The complex from factor VIII and von-Willebrand-factor (vWF) consists of the two molecules from factor VIII and von-Willebrand-factor (vWF) with different physiological functions. If factor VIII is injected it binds in the blood circulation to the von-Willebrand-factor (vWF) which activates factor VIII. The activated factor VIII effects as cofactor of the activated factor IX und accelerates the generation of activated factor X (factor Xa) out of factor X. Factor Xa activates prothrombin to thrombin which sets the fibrin free from the fibrinogen which starts the clotting procedure.
Haemoctin® is a commercially available human factor VIII preparation produced by Biotest AG, Dreieich, Germany, which originates from human blood serum. Public information is available on the web sites of the Paul-Ehrlich-Institut, Germany, and the German ministry of health (s. for instance http://www.pei.de/SharedDocs/arzneimittel/am-aus-blut/gerinnungsfaktor/16841-00-00.html). Haemoctin® is currently available in three concentrations Haemoctin® SDH 250, 500 and 1000 (referring to international Units (I.E.) of factor VIII). Beside factor VIII Haemoctin® contains glycine, sodium chloride, sodium citrate, calcium chloride and water as a carrier for injection. Haemoctin® is indicated for the treatment of haemophilia A (inherited factor VIII deficiency). The product contains the von-Willebrand-factor (vWF) in not physiological concentration and is therefore not indicated for the treatment of the von-Willebrand-disease.OBJECT AND SOLUTION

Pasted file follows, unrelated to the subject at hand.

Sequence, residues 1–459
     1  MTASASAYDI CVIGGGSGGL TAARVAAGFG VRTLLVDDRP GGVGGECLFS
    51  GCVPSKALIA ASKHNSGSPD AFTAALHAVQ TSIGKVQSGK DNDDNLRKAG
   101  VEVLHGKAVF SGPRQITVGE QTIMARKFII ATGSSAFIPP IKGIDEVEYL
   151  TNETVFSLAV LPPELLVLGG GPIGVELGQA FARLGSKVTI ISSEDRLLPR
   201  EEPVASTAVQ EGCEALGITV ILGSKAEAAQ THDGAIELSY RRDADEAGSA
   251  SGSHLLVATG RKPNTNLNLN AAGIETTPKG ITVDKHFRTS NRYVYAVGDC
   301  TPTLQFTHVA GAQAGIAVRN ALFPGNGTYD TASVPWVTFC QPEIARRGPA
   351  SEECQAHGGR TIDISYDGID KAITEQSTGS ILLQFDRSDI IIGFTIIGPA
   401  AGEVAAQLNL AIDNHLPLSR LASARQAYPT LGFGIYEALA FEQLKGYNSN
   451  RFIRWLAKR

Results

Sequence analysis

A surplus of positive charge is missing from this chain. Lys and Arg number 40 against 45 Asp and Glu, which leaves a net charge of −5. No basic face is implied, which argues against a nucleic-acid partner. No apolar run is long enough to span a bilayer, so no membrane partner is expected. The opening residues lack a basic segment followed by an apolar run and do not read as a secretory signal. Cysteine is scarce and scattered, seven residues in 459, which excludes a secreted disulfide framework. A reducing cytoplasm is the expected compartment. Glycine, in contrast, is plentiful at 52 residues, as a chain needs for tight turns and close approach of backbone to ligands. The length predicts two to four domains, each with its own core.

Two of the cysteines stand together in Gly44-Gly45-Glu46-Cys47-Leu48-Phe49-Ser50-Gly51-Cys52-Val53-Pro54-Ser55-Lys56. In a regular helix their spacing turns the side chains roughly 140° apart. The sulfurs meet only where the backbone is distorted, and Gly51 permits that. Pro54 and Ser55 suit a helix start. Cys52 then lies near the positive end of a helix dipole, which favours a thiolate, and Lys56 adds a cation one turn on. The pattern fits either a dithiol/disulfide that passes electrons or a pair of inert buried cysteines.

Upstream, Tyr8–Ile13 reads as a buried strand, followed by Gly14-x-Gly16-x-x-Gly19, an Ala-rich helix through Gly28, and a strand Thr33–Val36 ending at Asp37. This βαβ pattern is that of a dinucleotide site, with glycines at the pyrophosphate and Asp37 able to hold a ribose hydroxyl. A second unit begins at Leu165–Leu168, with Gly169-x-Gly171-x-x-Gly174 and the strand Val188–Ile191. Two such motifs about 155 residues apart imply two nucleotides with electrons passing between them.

It was an object to provide a process for preparing a human coagulation factor protein formulation using a lactic acid polymer. The powder should be suitable to be suspended in water for injection, preferably for intravenous injection, into a human being. The powder provided should be suitable for the treatment of blood clotting related deficiencies or diseases. The process should provide a powder that carries one or more human coagulation factor proteins in a nanostructured matrix and releases these proteins in a sustained manner. The process itself should be a soft process that preserves the therapeutic or cascading blood clotting activity of the coagulation factor protein without or with only little losses in activity.
The object was solved by
A process for preparing a powder comprising one or more human coagulation factor proteins and a lactic acid polymer, comprising the steps of